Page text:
The following mini-drama played itself out in the March 2009 pages of Sky & Telescope . It concerned an exchange of verbal pot-shots on the biblical subject of the “Star of Bethlehem”, found in S&T articles and letters to the editor going all the way back to December 2007.
The critique you are reading here appears in Writing NOTES, rather than Summitlake’s Astronomy department, because the “Star of Bethlehem” subject was hijacked by the subtext. Those letters and columns were not primarily about stale rehashes of the perennially old debate. They were about a battle for intellectual dominance and crowd control. They were about “spin doctoring” in the Lee Atwater “Dirty Tricks” sense, scaled down to the palate of the Astronomy crowd.
Contributor: Unfortunately, I and my work on the Star have been maligned in what amounts to a personal attack. Since I am the injured party here, I get to substitute a fairness appeal for any substantive additions to my hypothesis.
Columnist: Others have misrepresented my research and ignored historical evidence. A book reviewed cited my work on the Star of Bethlehem as the “final word”. Unfortunately, others have ignored the historical evidence.
Was there really a Star of Bethlehem, or was it just invented out of whole cloth, or was it a misidentification of some other apparition, now understood, such as Venus or Halley’s Comet? Could it have been a supernova, even though we have neither a confirmed date nor independent observations from the courts of Chinese astronomers? Were there really Three Wise Men, and, if so, exactly how wise were they?
The fact seems to be that we simply can’t know. Except for the highly supercharged Biblical reference, such an alleged sighting wouldn’t even be remembered today.
Personal attacks are intolerable as a substitute for substantive argument. I dug into the Sky & Telescope articles and references with interest, looking for signs of slander. Finding no direct personal attacks, I found it interesting that the writer who came across as the pious psalm-singing defender of the faith was the one arguing that the Star of Bethlehem, historically, probably did not exist at all. The writer representing himself as the reasoned man of science was the one who concluded that the “Star” was, variously, either an astrological event, or just the “mundane Morning Star” [Venus].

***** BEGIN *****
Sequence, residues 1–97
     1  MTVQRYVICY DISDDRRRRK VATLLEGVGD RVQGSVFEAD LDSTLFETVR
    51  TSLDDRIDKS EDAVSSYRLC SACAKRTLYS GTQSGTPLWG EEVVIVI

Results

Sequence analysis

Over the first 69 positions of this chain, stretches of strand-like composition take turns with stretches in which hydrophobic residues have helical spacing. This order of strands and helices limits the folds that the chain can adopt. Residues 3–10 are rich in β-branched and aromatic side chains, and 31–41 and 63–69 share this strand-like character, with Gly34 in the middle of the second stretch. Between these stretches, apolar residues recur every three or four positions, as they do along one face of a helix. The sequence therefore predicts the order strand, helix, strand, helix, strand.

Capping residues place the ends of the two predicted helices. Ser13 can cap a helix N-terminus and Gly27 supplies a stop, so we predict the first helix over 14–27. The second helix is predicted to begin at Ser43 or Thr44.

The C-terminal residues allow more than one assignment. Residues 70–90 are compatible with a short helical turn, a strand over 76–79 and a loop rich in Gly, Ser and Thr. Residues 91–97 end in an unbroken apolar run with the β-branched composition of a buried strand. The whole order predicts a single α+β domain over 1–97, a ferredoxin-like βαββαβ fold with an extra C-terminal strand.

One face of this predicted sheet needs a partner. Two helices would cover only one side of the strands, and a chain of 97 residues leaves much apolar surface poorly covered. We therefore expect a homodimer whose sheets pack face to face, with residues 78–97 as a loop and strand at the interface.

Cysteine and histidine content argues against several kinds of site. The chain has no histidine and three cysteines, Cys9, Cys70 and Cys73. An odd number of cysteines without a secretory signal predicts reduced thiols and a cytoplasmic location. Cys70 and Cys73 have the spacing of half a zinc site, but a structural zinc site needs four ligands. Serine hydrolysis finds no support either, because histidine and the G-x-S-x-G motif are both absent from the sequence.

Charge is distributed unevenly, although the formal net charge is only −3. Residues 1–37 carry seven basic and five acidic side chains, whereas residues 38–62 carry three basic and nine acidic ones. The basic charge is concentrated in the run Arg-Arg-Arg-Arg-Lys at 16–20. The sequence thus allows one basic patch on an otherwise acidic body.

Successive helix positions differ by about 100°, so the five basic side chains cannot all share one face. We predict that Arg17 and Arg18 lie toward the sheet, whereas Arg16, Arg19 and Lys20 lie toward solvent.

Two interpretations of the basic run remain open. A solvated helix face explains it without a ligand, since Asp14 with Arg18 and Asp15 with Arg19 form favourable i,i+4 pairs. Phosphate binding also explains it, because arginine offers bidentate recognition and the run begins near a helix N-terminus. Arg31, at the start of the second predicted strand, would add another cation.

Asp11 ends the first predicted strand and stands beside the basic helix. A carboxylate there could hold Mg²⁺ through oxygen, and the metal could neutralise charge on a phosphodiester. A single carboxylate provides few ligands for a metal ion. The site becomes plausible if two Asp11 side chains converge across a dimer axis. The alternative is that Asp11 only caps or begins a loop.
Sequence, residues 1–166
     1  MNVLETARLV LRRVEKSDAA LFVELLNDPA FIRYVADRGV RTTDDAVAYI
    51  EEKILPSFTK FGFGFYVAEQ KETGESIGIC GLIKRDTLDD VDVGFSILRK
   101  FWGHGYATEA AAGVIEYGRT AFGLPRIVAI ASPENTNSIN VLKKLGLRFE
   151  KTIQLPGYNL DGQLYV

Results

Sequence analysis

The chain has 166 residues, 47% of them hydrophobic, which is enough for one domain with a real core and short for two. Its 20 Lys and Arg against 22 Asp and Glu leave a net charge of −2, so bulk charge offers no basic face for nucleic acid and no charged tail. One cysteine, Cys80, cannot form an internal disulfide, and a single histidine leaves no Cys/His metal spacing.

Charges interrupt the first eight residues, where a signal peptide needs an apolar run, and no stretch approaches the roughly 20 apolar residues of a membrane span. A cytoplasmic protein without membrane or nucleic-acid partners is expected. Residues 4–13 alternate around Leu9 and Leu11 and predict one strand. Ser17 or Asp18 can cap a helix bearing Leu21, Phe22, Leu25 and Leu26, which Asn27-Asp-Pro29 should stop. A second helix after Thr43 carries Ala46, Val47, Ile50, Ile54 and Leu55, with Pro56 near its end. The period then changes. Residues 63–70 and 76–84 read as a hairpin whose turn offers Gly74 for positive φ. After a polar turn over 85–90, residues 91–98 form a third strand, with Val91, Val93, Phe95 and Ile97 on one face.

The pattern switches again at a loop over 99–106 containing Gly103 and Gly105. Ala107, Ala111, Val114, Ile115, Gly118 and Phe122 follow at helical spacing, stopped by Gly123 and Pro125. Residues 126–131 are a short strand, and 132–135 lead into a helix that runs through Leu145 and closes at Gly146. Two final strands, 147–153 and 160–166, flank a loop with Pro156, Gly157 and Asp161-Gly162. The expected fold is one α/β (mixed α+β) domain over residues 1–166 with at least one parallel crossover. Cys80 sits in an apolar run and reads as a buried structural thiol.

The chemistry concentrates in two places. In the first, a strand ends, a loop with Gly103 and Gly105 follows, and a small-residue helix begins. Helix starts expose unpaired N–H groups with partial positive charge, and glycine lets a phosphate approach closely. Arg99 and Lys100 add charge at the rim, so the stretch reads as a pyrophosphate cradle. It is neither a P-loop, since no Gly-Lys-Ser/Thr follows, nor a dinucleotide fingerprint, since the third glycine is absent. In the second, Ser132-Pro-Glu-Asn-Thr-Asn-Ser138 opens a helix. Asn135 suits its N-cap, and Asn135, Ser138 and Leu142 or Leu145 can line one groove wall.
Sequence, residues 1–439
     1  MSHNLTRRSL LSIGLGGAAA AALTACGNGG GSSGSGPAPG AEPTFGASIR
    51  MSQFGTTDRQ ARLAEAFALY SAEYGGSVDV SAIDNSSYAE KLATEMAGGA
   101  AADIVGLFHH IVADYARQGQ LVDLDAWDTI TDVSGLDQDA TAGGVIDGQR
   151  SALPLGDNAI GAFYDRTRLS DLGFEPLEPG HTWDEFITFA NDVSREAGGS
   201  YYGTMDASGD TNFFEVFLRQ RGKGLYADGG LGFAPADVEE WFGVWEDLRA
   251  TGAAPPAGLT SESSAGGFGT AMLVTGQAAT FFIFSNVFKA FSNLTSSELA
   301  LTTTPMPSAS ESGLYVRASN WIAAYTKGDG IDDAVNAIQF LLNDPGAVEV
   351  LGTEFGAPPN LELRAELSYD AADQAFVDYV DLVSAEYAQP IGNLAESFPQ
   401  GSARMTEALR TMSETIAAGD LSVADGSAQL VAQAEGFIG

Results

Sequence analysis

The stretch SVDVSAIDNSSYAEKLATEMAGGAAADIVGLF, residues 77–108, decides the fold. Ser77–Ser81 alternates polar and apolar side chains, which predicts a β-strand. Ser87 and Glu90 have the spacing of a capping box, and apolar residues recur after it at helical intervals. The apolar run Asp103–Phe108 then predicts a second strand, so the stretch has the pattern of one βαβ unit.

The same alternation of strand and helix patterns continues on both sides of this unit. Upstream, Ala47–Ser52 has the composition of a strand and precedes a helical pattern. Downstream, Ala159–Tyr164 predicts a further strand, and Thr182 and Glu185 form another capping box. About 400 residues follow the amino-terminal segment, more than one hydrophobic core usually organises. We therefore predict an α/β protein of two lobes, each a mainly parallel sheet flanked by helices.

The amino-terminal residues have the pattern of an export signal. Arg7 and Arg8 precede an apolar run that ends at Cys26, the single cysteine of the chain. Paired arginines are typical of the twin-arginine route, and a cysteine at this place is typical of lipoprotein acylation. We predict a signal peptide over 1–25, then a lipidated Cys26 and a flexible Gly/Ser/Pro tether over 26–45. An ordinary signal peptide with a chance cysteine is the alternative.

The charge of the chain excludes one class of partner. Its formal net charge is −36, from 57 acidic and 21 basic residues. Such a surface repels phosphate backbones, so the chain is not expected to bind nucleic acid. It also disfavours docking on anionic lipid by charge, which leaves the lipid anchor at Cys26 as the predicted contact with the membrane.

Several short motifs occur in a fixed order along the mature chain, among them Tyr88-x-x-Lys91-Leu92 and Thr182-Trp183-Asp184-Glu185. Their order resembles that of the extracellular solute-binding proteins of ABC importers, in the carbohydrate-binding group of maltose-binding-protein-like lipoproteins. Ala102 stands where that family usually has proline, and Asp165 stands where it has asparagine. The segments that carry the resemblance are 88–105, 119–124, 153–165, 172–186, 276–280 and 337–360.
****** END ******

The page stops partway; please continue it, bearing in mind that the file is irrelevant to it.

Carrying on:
Semantically, it’s worth noting that current popular usage of the word “unfortunately” has a different purpose than the mere confirmation of a regrettable fact. It’s used to hijack the conversation, to pre-empt it with a corrective change of context. And we need to be aware of that signal.
Old usage: Unfortunately, at that exact moment, Holmes dropped his pipe onto the doctor’s lap, setting Watson’s pants on fire.
New usage: Unfortunately, you don’t get to ask for an allowance this week, because you didn’t clean your room in 1957.
Or even: Unfortunately, you’re fired.
In other words, “unfortunately” isn’t used today so much to express regret, as to set you up for the show-stopper. It’s no accident that successful delivery of the catch-word is easily intoned to sound like a parent rebuking an unthinking child: you thought the conversation was about the allowance, but now you can see it’s really about who calls the shots here.
And what about the Star of Bethlehem?
In my personal opinion, when a conversation devolves into a verbal pissing match, it’s prima facie evidence that at least one party doesn’t know what he’s talking about, or has become bogged and befuddled in intellectual quicksand, and intends to derail the discussion. If possible, he intends to turn the situation around, from facts to appearances, so that an audience perceives the other side as the bad guy, and therefore, the loser. The spin artist becomes the default winner.
I watched “Boogie Man” on PBS last night, the Lee Atwater “Dirty Tricks” story of the small-town Southern boy who made it to the very top rungs of Washington society by smear and innuendo. Atwater was the one who cost Dukakis the election with the “Willie Horton” tactic. While Governor of Massachusetts, Dukakis signed a prison reform bill allowing furloughs for convicted felons. While out on furlough, Horton raped a woman after pistol-whipping and knifing her fiance. Atwater spun this to make Horton “a household name”, implying Dukakis pandered to rapists, even getting third parties to sponsor interviews with rape victims. Horton was also African-American, and it was no accident that his rise to national notoriety pandered to Southern racism too. America got the message this was what you could expect if they elected Dukakis instead of George H.W. Bush.
Dukakis explained retrospectively, in an interview near the end of the “Boogie Man” special, that he believed at the time the best defense against an unfair smear was to refuse to dignify it: to ignore it. In real life, this may sound like the high road, but, in politics, it’s suicide: Atwater hung him out to dry.
It turns out that this Massachusetts furlough program was modeled after a similar and seemingly successful progressive program in California, signed into law by then-Governor Ronald Reagan. But Dukakis never explained that to the press.
In retrospect, Dukakis admitted his best defense would have been to simply state the affirmative, and shut up.
In Astronomy, as in the greater and contentious world of academia and business, it seems the same ethics would apply. State the affirmative, shut up, skip the pissing matches, and get on with real business.
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